We all know the classic Disney princess movie trope: girl meets guy, girl likes guy, a villain comes through and separates the two, and then the guy comes riding in on a white horse as the girl’s knight in shining armor. As a little girl, this was the dream. Of course, my dream back then had more to do with the white horse than it did with the knight in shining armor. But the movies I watched as a kid fed my creativity, and caused me to create my version of the classics. Of course, in this case, my knight in shining armor is the person least expected. My villain is complicated, and at the same time, my villain is the victim the heroes are trying to save. My heroes are antiheroes more than they are anything else, and my ‘damsel’ in distress is male.
Character development was honestly my weakest part of the novel. I knew who my characters were, but putting them into words was more difficult than I thought. And coming up with their reactions was even more difficult. I realized that the reason I was having such a difficult time writing my characters was that I didn’t have any goals for the book. My characters weren’t portraying a message for my audience to hear. Everything came out as robotic and monotone. Sitting down to write, I realized that I didn’t even know why I was writing. I was simply writing to write, and contrary to popular belief, that’s not the way to write.
I went to a Catholic, all-girls high school, and our motto was “empowering young women.” At first, I was simply playing off of this. It was a saying that had been pushed into my brain for four years, and it was the easier thing I could think of. My protagonist was Lex, a teenage girl. What better way to find an audience than through empowering teens with faith? From there, the themes became easier. I wanted a story that didn’t fit in the ‘Christian’ box the religious books and movies tended to be in. I wanted a story about love and wrath – a story that portrayed both heaven and hell in a new light. I wanted a story that challenged faith, and not in the cliché ways of modern Christian stories. I wanted a story about an empowered female role model who challenged the boundaries of Christian faith in a new way. And suddenly, the writing began again.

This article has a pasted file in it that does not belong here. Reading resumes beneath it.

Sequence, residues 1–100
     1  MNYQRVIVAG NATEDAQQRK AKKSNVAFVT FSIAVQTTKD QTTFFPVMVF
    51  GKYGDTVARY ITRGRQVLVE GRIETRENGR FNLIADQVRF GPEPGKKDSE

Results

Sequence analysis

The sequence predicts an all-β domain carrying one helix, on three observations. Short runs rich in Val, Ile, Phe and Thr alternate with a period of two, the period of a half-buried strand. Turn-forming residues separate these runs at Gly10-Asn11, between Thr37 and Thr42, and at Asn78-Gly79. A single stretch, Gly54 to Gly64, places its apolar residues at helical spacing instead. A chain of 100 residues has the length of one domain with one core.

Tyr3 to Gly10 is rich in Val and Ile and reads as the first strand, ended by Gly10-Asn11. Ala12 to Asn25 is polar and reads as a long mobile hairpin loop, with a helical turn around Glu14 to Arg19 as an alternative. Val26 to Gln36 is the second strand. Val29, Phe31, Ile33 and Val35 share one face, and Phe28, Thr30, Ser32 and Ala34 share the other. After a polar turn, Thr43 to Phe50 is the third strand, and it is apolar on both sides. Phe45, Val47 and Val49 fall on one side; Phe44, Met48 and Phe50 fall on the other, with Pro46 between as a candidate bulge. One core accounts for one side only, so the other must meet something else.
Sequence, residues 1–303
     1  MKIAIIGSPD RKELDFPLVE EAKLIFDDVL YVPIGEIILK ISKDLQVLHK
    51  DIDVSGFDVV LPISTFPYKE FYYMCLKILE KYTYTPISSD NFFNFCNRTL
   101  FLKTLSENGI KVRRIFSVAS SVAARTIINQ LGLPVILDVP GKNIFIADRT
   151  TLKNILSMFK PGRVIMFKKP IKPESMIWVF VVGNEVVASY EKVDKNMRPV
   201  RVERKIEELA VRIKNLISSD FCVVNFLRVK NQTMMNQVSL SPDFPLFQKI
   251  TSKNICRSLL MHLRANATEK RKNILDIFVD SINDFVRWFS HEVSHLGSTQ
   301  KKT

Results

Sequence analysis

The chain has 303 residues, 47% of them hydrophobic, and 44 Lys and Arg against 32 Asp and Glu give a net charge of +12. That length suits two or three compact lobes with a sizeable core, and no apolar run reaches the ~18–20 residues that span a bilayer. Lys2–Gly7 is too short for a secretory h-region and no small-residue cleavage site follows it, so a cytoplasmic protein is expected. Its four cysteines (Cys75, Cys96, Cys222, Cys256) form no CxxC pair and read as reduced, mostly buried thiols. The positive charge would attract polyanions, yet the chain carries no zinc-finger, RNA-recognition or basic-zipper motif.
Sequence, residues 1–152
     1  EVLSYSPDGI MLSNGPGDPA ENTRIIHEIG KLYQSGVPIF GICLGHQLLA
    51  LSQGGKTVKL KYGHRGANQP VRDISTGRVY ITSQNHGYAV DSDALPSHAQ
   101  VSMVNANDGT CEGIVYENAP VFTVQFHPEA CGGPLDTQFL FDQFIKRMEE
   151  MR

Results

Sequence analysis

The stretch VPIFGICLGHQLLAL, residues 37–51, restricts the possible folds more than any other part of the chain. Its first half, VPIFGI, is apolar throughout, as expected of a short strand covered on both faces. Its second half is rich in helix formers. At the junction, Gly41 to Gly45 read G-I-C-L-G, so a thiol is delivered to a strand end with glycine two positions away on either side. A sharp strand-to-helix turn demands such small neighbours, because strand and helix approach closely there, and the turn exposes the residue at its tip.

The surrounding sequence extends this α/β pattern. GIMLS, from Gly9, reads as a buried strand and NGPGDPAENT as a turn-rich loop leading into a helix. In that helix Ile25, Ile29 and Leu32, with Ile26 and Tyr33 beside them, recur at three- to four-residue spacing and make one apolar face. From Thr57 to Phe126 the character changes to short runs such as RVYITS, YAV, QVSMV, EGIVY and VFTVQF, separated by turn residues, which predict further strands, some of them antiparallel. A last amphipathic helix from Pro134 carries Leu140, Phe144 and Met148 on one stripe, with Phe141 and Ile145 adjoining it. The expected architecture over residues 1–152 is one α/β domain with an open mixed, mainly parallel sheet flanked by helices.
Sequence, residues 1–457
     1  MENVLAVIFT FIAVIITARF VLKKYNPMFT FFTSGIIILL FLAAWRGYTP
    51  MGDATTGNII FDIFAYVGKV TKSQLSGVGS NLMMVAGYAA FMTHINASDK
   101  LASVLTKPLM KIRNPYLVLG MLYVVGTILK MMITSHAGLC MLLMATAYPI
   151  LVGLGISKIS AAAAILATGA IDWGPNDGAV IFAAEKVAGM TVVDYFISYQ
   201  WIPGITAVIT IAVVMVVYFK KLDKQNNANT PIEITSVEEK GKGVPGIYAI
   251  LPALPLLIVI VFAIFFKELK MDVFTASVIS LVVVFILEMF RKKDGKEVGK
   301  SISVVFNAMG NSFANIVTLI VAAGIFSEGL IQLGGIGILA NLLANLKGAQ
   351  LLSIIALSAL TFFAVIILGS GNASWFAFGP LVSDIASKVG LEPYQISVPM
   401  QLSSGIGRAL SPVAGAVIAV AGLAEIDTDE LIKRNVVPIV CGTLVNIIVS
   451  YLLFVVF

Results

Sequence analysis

But for the longest time, I had this belief that Lex had to be the hero. She had to win because she was the main character. But I realized that if I set my hero up to fail, it would make the storyline interesting. Who roots for a hero that can’t win? Who roots for a hero whose fate is sealed? Most importantly, how could I get the audience to root for the hero rather than the knight in shining armor?
“I saw heaven standing open and there before me was a white horse, whose rider is called Faithful and True. With justice, he judges and wages war.” – Revelation 19:11
I honestly love the book of Revelation. It’s not about the end of times or the goriness of it. It’s not about the action and the wrath; it’s about the victory. Reading the Bible, you get so many different stories. I mean, look at the people God picks in the Old Testament? He picks Abraham, the son of pagans. He chooses Moses, this random baby in the middle of genocide in Egypt (by the way, the Bible tells us that in Egypt the Israelites gave in to their pagan worship practices). He chooses David, the youngest of 8 children in the small town of Bethlehem. In the words of my history of Israel professor, Bethlehem wouldn’t have even had a stoplight.
Time and time again, God chooses the least likely to succeed. I mean, Jesus is the lion of the tribe of Judah. In Genesis 38, the tribe of Judah was founded on prostitution and incest of sorts (look up Judah and Tamar in Jesus’ genealogy in Matthew 1). Each time, the underdog prevails with divine intervention. And finally, in the book of Revelation, we get a glimpse of how the victory of the cross played out on a spiritual level. Most importantly, there is a knight in shining armor riding in on his white horse. Every girl dreams of being swept off her feet, but I think we often miss the knight and his white horse. The greatest, and truest, tale of heroes and villains is all recorded here. The knight in shining armor is leading an army on horseback for humanity. There is no better hero than this.
Holding Out For A Hero by Bonnie Tyler
“Isn’t there a white knight upon a fiery steed?
Late at night I toss and I turn and I dream of what I need
I need a hero
I’m holding out for a hero ’til the end of the night
He’s gotta be strong, and he’s gotta be fast,
And he’s gotta be fresh from the fight
I need a hero
I’m holding out for a hero ’til the morning light
He’s gotta be sure, and it’s gotta be soon,
And he’s gotta be larger than life.””If Jordan above me shall roll
No pang shall be mine, for in death as in life
Thou wilt whisper Thy peace to my soul
But, Lord, ’tis for Thee, for Thy coming we wait
The sky, not the grave, is our goal”